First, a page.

Article 15 of the 1948 U.N. Universal Declaration of Human Rights states: “Everyone has the right to a nationality.” Yet today, according to the UNHCR, around 12 million people across the world are stateless.

So far, around 6,500 Syrian babies born in Lebanon have been registered with the UNHCR, a number projected to increase to 10,000 by the end of the year.

The longer the conflict in Syria rages on, the more refugees are likely to overstay their visas and lose their legal status as residents in Lebanon, putting newborns at an increased risk of statelessness.

With border security measures tightened and rules more strictly enforced, gone are the days when refugees could make the short trip to the Syrian border and spend an hour renewing their visa.

For those without legal status, the fear that they or their children could get arrested at any moment dooms them to a self-imposed house arrest.

Rami, a Kurdish refugee from northeast Syria who arrived in Lebanon around a year ago, spends most of his days along with his family in their one-bedroom apartment south of Beirut, not daring to leave because no one is registered with the authorities.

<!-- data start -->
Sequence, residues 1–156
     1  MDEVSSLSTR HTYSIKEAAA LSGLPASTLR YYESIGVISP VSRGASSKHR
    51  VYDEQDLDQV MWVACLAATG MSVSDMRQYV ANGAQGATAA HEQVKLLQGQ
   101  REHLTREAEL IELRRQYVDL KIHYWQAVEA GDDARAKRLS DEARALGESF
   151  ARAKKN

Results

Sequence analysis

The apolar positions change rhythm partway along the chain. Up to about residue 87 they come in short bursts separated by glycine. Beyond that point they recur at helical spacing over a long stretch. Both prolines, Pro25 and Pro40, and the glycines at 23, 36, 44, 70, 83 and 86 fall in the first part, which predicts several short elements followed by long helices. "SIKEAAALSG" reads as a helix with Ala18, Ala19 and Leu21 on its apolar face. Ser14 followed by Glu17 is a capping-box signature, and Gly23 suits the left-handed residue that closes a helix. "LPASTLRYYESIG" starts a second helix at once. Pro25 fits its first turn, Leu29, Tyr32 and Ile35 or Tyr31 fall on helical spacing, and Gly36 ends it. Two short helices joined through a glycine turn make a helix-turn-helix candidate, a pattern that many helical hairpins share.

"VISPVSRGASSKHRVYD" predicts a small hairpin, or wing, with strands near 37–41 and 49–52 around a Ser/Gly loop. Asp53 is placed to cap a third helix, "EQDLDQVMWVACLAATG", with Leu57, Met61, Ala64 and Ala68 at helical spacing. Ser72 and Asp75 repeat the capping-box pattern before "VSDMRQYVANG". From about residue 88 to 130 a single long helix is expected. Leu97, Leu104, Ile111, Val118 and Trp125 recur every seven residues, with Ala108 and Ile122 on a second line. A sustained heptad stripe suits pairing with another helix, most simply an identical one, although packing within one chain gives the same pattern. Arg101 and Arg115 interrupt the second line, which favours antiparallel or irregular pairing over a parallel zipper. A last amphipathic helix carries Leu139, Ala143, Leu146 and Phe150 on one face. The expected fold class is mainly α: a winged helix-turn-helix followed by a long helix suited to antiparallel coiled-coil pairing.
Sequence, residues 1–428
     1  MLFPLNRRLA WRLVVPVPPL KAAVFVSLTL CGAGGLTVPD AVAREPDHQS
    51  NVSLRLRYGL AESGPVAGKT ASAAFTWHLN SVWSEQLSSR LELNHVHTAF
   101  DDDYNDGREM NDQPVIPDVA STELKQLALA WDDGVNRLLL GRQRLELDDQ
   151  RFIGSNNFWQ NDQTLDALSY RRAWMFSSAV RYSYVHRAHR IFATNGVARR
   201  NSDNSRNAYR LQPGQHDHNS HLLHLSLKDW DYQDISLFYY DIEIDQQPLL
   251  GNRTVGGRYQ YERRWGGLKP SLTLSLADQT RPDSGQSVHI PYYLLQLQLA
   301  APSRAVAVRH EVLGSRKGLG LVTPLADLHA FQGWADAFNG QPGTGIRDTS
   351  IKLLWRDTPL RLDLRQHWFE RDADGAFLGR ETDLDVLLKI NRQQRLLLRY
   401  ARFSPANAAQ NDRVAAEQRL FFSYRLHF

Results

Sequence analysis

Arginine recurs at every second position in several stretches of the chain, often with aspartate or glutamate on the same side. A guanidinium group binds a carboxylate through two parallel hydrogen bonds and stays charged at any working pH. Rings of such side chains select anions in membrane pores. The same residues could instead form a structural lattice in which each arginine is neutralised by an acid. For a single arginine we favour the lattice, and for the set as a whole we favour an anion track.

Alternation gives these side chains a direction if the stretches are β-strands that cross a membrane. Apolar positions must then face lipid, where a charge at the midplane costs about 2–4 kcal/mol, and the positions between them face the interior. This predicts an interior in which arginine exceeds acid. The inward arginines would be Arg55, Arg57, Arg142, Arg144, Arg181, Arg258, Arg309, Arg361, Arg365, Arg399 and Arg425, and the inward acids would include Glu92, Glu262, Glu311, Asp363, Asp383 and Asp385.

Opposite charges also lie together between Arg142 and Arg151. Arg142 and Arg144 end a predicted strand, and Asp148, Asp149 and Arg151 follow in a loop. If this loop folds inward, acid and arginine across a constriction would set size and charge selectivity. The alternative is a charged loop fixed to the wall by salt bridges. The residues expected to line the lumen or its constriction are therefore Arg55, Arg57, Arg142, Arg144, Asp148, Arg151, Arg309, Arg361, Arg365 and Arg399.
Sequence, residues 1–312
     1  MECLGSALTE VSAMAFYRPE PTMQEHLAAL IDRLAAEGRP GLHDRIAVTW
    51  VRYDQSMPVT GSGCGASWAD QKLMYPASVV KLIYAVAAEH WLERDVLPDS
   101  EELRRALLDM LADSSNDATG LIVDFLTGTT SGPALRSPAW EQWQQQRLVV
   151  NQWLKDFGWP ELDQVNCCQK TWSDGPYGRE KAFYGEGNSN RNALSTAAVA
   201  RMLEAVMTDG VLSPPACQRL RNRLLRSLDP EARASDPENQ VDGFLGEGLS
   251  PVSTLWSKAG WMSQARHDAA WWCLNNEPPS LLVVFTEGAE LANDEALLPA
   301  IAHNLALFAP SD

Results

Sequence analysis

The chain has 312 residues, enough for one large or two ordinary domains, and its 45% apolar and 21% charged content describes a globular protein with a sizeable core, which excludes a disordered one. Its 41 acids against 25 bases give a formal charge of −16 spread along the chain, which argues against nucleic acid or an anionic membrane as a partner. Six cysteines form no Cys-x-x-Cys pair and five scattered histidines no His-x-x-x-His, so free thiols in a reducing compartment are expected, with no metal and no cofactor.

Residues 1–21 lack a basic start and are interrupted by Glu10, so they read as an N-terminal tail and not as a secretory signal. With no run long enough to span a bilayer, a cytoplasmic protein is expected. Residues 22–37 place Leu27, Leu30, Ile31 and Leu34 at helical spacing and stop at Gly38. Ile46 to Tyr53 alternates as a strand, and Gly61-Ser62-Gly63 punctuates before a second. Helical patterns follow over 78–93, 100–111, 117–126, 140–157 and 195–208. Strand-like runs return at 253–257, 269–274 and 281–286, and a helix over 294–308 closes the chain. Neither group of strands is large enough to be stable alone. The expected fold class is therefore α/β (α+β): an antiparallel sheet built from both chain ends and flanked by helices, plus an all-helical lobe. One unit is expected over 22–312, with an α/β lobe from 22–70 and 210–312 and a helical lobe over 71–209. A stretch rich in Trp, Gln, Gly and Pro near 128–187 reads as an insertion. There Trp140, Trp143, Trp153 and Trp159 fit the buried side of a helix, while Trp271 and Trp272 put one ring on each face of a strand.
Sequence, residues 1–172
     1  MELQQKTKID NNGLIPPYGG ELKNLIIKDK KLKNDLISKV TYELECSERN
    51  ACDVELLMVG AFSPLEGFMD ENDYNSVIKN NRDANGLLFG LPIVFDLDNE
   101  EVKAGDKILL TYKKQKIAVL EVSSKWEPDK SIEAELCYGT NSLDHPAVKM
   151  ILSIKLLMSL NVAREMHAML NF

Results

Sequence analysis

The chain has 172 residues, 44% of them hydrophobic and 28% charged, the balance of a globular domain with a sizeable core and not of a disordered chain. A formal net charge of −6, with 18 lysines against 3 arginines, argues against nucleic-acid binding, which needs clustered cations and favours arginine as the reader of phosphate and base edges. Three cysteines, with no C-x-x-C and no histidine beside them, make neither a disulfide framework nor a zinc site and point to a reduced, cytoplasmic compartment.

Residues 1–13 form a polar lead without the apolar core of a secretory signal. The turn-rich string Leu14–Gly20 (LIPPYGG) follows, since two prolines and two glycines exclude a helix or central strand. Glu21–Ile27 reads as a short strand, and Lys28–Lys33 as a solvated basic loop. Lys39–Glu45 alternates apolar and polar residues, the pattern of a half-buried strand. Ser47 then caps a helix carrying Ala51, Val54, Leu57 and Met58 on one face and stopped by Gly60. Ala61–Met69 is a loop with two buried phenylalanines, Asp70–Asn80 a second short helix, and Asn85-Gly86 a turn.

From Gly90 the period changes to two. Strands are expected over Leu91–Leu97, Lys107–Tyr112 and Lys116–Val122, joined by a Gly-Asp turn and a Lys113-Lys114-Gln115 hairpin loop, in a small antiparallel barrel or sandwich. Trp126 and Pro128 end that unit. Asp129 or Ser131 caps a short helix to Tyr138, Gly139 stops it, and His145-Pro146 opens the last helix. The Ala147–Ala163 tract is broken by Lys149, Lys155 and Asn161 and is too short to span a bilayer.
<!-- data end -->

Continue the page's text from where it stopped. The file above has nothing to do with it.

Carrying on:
He has always been stateless – even though a Syrian presidential decree two months into the uprising in April 2011 granted citizenship to tens of thousands of Kurds.

None of his seven children are enrolled in school because they don’t have a valid form of identification that is recognized by the government.

“Of course, if it were possible our kids would attend school,” Rami says. “It’s important for their future.”

His wife is pregnant, and they’re now thinking about their child-to-be, who will also not qualify for registration and who will be stateless for the foreseeable future.

His experience is in contrast to that of other refugee Syrian nationals, whose children have a chance to enjoy the basic rights of statehood if the required paperwork is submitted.